Apr 07, 2011 — 5 comments
Light painting is a popular technique used by photographers to make creative images that make viewers wonder, “How’d they do that?” While it isn’t necessarily difficult to get started in light painting, it does get increasingly challenging and more time consuming the more advanced you get.
Continuous lighting are great to use when taking portraits; there is no guess work when trying to determine what lighting pattern you’re setting up. Since the lights never go off, you can automatically see how the light will look in your photographs.
“If I just had a better camera, I could take better photos.” How often have you heard someone say something like this? While it is nice to have the latest and greatest photo gear, if you are relying on expensive cameras to make your photography better, you might be in for a surprise.
For many pro photographers, studio lights are an essential part of kit. As a portrait photographer, I can honestly say I’d never be without them. They allow you to control the light to a finite degree and open up endless creative possibilities.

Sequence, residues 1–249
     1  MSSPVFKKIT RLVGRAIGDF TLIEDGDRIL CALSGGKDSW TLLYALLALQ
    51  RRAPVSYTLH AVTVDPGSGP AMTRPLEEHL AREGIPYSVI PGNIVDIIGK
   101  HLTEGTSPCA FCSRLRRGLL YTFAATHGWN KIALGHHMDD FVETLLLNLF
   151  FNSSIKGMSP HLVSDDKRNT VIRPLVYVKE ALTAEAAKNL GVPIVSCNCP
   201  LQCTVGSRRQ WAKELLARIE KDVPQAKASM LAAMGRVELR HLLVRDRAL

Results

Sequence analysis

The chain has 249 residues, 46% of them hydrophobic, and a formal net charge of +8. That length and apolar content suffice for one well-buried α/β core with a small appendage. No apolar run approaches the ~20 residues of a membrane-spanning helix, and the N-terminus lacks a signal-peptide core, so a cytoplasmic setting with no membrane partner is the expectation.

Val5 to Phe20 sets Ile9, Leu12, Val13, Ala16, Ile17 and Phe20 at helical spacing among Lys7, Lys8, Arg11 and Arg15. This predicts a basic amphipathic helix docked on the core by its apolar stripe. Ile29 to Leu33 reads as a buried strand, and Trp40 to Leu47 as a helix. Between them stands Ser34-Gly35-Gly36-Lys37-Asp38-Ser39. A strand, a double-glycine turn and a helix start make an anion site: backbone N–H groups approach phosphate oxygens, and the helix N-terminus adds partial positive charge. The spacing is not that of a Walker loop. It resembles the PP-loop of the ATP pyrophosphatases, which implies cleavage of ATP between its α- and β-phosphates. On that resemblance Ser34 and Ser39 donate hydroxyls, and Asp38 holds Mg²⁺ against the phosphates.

There are countless light modifiers on the market designed for specific purposes. Photographer Andrea Belluso, however, goes outside the box and shows us how to be more creative with light-shaping tools.
When shooting outdoors, the sun often creates overly bright highlights and harsh shadows on the skin. A good portrait photographer knows just what to pull out of his camera bag to help him combat this commonly overlooked aspect of outdoor photo shoots.
The key to great studio photography is in well-planned and well-executed lighting. It not only creates dynamic portraits, but it can dictate the style, mood, and tone of a photograph.
Using styles and techniques learned by studying the portraits in high fashion editorials like Vogue, wedding photographers Justin & Mary have been out there creating some pretty iconic bridal shoots.
When photographing world champion boxer, Peter “Kid Chocolate” Quillen, professional photographer Dustin Snipes knew that he wanted to highlight the athlete’s muscles. To show off the muscles, Snipes knew he had to have a perfect lighting setup. Take a look at the following video to see how he did it.
Alexis Coram’s first timelapse film captures the Northern Lights she saw on her trip to Alaska in February 2014. She described them as a representation of the light within her soul, which she captured using her Nikon D800 and Nikon D610 with a Nikon 14-18mm lens and a Sigma 15mm fisheye lens.
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